Sure! I mean, no? But sure. Like, you can totally NOT be offended by the things that Tracy Morgan said and that makes sense. Not everyone is offended by everything. But your own non-offense doesn’t negate or invalidate other people’s offense? (I know that he kind of says as much, but then he goes on to kind of take it back. He later tweets that anyone with reason knew that Tracy didn’t mean a single thing he said, which is both condescending and unrealistic.) Also: no one, not one person, is saying that everything needs to be right and balanced and fair. That’s the old anti-political correctness trope, which is and has always been nonsense. There is no such thing! People say horrible shit that is hilarious all the time, it is really not a problem. Louis C.K. is one of those people! But that doesn’t mean it is pro forma hilarious every time someone says horrible shit, even when those people have been hilarious for saying horrible shit in the past. We must always walk that line sometimes slipping over it and then refinding it again, and there is nothing particularly dangerous or harmful to a free and open society in being asked to occasionally re-examine where that line is to be found. Oh, but here is one final thing:
The most grating thing, I think, in Louis’s line of defense here is the “he was on a comedy stage not a pulpit.” Sure. I don’t think anyone thought or has suggested that people were walking out of Tracy Morgan’s Nashville show thinking “we need to elect Tracy Morgan and have him murder gay people.” But I also think it is time for people to start admitting that what they say matters. This is the classic Jon Stewart dilemma. Once a year, he goes on The O’Reilly Factor or Crossfire or whatever and he lets everyone have it, which is great, but while he lets everyone have it, he himself hides behind the “I’m just a comedian and my show should not be taken seriously” shield. That is a dumb shield and it is full of holes! Because no one cares more about what Jon Stewart has to say than Jon Stewart himself. That’s not a criticism in any way. I am just saying, let’s all own up to both our opinions as well as our hard-earned place in the conversation. Yes, Jon Stewart is a comedian, yes, The Daily Show is a comedy show, yes that means that it needs to be judged by very different criteria than anything on CNN or FOX News or any other ostensibly fact-based outlet. But that doesn’t mean that Jon Stewart isn’t working very hard to make sure people listen to what he has to say and take some of it to heart. One of the main reasons he and his show are successful is because he clearly has strong and thoughtful convictions about so many of the issues of which he makes light. Good! That’s a good thing! But so don’t pretend like it doesn’t matter or is trivial or unimportant or that it is somehow beside the point as soon as someone who disagrees with you dares to argue back. Louis C.K. of all people has built his comedy career on exploring the painful realities of marriage, fatherhood, racism, death, etc. He makes fun of very dark things a lot of the time, and when you watch his stand up you can tell that he cares very deeply about his thoughts and feelings on these issues. Again, this is a good thing, and it’s what makes him such a compelling and great comedian. And I think that if someone were to say “hey, I don’t think what you said was funny and I was offended,” he could, not that he would, but he could give them a very detailed and explicit argument about why they were wrong. In reality, he would probably just say “fuck you, I don’t care, you’re right, go to bed” but he could back it up if he felt like it because he knows what he’s doing and he believes in it. Isn’t that why people pick up the microphone in the first place? To be heard? More importantly: to be heard LOUDER than people without the microphone?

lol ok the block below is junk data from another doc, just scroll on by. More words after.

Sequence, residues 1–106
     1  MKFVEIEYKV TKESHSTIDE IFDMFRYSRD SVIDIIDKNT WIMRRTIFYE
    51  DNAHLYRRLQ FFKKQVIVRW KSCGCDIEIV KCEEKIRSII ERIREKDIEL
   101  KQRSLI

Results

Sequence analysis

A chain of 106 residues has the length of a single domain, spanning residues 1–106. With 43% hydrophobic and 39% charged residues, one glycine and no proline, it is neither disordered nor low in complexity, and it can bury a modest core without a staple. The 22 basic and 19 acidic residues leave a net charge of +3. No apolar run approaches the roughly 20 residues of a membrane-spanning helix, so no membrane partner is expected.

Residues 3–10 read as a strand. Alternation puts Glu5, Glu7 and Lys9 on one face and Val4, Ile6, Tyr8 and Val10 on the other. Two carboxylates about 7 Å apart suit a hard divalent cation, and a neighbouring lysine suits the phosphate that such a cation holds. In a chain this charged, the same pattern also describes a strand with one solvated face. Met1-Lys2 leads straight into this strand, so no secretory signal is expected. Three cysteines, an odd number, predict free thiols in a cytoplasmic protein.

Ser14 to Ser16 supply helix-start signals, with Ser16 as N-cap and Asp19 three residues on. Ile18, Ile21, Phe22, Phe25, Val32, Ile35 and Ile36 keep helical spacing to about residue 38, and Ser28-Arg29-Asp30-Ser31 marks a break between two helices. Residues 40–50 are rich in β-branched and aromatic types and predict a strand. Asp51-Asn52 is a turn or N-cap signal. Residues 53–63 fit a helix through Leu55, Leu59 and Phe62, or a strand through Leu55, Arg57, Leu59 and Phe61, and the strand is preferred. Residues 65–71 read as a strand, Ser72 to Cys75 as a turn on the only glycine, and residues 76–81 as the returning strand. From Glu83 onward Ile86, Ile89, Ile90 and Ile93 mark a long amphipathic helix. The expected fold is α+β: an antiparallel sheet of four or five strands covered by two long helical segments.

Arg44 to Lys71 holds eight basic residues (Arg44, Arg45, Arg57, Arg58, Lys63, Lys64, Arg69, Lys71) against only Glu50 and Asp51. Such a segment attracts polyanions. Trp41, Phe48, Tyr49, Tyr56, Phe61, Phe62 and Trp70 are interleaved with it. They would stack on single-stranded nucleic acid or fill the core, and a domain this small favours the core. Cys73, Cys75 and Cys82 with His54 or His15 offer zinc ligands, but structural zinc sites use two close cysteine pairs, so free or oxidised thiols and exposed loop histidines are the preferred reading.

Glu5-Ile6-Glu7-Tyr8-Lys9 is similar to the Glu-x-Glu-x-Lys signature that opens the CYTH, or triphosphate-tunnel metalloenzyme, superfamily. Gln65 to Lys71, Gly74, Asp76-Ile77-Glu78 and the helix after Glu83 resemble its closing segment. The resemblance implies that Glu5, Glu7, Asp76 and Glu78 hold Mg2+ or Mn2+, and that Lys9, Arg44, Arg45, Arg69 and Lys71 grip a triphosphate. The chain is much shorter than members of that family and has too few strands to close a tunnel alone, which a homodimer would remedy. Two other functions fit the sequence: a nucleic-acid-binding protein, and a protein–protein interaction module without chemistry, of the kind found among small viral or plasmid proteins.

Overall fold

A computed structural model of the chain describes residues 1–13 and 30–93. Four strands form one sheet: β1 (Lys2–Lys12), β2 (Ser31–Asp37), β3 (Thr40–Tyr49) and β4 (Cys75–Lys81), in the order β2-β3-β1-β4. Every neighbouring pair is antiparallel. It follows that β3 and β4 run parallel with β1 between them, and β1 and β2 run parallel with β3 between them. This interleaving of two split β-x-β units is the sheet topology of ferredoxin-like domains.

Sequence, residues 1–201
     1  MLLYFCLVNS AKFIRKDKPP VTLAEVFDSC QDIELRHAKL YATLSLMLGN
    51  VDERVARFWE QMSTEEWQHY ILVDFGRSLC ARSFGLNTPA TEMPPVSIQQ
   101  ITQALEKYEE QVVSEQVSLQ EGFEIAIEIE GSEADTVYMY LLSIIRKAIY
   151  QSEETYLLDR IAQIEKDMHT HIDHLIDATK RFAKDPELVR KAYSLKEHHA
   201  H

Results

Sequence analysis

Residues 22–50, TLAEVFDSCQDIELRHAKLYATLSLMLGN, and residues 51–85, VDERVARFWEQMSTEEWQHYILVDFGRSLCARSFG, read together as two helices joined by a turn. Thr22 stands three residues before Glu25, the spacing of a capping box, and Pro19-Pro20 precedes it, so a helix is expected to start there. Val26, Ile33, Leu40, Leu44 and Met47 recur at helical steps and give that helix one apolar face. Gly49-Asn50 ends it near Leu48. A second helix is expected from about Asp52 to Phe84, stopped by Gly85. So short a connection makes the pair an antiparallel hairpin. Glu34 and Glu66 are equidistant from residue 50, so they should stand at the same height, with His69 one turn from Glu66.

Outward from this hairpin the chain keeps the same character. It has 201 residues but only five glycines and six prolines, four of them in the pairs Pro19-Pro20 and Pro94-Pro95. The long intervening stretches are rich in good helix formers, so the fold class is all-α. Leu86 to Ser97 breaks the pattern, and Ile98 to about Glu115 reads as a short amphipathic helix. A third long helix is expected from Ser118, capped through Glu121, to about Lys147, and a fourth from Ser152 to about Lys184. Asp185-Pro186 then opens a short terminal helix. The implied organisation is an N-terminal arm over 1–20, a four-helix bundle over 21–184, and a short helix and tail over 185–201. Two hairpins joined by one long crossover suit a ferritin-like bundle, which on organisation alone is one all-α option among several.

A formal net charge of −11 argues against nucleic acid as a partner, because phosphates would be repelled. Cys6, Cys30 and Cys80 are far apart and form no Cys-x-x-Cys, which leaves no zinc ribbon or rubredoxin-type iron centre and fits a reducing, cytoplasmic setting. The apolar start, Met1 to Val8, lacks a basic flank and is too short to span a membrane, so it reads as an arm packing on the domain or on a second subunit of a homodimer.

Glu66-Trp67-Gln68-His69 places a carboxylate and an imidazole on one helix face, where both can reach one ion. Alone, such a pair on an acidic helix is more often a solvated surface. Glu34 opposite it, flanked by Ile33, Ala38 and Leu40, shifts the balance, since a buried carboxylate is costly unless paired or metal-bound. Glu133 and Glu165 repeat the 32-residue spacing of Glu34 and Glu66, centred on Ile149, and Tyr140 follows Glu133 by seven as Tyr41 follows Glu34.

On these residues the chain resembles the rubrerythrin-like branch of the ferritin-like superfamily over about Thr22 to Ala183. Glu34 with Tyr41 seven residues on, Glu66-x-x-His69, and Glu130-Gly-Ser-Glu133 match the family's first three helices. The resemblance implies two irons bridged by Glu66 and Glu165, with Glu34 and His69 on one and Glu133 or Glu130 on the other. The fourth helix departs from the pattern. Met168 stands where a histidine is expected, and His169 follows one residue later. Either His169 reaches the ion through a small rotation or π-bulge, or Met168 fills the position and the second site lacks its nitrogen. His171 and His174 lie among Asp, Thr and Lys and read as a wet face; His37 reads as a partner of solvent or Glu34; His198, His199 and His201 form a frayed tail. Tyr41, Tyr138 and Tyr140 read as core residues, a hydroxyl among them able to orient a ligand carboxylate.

In closing: fart noise.